Caught by the River reader, Chris MacFarlane suggests ‘A Sand County Almanac’ by Aldo Leopold for inclusion in our Nature Book Reader:
To me, A Sand County Almanac is a truly beautiful and mesmerising book which hooked me about 15 years ago whilst at university. I wondered how such a book could be recommended on a Conservation Biology module reading list. The forward begins:
“There are some who can live without wild things and some who cannot. These essays are the delights and dilemmas of one who cannot “.
In the first part (A Sand County Almanac), Leopold describes the range of characters which exist on and around his farm in Wisconsin whether they are trees, snows, insects, streams, birds, winds…… His knowledge of natural history and ecology is outstanding.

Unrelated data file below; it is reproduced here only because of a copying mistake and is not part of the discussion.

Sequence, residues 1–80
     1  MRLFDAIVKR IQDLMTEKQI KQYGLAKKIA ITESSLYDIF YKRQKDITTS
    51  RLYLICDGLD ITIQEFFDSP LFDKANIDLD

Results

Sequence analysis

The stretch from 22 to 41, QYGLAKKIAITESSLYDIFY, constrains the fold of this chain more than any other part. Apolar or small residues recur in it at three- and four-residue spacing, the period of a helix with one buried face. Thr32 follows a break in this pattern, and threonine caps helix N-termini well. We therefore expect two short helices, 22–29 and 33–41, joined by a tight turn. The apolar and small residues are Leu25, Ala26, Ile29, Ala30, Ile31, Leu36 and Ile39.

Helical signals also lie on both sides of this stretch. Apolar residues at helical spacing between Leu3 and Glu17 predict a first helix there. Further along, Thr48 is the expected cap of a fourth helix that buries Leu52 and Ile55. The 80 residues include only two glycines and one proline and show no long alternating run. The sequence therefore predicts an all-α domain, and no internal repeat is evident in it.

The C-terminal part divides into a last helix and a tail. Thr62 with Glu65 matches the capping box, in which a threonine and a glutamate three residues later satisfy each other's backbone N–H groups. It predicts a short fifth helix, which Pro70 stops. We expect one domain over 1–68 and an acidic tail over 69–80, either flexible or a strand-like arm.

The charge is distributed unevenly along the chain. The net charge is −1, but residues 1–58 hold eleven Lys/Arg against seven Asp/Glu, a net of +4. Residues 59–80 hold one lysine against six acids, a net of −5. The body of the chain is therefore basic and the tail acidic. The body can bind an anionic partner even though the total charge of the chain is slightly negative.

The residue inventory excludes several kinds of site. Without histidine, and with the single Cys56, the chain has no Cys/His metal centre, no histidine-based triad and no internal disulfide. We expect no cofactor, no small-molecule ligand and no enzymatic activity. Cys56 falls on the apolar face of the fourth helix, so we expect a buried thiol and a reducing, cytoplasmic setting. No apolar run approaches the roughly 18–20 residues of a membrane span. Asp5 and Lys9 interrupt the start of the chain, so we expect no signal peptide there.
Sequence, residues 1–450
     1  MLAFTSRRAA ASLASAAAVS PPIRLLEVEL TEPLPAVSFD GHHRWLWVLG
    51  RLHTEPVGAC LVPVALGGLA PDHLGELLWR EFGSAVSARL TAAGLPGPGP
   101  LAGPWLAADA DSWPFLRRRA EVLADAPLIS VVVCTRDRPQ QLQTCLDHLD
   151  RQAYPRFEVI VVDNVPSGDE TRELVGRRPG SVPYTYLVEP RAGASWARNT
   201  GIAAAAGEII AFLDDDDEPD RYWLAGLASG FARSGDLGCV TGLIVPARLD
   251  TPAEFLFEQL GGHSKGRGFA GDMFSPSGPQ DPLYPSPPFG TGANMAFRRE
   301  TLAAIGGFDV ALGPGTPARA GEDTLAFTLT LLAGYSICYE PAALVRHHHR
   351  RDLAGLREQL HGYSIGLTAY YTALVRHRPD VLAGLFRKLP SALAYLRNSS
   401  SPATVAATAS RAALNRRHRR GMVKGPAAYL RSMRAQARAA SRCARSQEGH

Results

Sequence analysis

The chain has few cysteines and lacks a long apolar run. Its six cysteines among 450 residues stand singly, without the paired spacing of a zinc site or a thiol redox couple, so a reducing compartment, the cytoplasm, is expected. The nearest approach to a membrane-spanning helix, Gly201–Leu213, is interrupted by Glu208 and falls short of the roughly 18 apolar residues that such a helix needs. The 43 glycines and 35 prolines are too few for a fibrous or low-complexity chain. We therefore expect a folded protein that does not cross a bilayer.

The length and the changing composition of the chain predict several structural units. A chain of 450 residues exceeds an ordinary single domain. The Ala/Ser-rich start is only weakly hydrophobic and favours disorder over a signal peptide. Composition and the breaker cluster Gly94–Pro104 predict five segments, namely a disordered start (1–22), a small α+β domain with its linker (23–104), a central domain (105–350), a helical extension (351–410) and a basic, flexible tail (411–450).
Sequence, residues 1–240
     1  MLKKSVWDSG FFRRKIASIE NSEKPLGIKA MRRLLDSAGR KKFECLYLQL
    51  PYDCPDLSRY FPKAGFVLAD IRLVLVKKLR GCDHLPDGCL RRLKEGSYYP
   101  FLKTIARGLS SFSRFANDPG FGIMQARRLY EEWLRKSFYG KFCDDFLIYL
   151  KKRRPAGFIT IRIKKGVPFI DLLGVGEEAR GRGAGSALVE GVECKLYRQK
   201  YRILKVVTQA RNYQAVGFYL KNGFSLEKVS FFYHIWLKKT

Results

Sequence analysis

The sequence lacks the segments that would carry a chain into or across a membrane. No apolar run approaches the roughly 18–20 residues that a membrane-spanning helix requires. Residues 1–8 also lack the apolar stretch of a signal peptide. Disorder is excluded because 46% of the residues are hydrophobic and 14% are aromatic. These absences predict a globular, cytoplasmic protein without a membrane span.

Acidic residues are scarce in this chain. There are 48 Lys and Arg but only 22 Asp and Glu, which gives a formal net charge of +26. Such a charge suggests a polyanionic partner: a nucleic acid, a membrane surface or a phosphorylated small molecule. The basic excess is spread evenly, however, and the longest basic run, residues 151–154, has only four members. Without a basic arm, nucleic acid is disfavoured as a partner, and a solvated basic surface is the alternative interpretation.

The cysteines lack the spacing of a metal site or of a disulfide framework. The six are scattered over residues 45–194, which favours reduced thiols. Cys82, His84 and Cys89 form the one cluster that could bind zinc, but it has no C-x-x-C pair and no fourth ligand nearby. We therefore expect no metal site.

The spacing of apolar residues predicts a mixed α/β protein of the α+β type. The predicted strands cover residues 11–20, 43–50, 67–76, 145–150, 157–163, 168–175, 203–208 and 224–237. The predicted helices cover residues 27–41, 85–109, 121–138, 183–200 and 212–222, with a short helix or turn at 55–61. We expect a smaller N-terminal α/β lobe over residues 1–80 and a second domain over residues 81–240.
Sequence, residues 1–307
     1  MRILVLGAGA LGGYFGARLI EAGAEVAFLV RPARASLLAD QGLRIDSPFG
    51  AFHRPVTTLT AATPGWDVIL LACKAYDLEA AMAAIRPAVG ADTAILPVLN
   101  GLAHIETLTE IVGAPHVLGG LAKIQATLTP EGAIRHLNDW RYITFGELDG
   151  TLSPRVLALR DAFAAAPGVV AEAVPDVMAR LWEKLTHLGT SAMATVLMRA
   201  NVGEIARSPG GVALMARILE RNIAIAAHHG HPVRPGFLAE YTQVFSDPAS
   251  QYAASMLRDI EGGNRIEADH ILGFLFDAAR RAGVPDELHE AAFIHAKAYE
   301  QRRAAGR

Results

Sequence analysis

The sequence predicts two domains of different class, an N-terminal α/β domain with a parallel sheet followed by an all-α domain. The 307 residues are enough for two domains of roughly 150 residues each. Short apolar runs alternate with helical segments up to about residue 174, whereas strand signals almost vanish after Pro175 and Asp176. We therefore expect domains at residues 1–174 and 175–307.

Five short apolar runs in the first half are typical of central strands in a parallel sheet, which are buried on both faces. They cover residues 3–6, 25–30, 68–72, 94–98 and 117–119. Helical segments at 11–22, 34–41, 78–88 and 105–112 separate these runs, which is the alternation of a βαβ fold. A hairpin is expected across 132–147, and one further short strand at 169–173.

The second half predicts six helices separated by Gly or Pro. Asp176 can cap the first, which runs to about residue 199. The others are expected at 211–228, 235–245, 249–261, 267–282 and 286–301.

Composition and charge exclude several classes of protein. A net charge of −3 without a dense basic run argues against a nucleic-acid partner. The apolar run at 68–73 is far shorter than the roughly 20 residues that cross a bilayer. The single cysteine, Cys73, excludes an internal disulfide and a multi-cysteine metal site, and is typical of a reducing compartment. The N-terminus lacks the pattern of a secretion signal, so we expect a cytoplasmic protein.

A Sand County Almanac was published in 1949, shortly after he died in a forest fire. He is remembered today as being one of the first conservationists operating from a bio-centric standpoint. He is highly sceptical of Progress, as the costs to organisms are often high. Later in the book, in an essay called The Land Ethic he lays out these views with great economy. It has this memorable quote:
“A thing is right when it tends to preserve the integrity, stability, and beauty of the biotic community. It is wrong when it tends otherwise”.